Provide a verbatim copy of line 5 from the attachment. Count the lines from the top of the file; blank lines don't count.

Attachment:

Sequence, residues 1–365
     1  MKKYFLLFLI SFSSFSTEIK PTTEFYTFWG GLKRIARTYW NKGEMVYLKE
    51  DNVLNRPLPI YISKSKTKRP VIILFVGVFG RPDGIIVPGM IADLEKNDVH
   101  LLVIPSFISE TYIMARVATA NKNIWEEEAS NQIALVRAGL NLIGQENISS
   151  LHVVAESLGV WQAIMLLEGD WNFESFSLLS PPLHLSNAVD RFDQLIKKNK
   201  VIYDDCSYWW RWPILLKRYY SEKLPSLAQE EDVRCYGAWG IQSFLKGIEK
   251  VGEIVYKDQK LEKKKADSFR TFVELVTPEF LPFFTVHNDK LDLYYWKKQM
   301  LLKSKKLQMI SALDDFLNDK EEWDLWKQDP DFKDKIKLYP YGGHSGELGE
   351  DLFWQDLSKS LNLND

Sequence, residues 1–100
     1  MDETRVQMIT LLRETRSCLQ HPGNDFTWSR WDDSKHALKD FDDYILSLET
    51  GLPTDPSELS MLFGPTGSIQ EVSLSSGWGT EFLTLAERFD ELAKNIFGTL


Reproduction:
   151  LHVVAESLGV WQAIMLLEGD WNFESFSLLS PPLHLSNAVD RFDQLIKKNK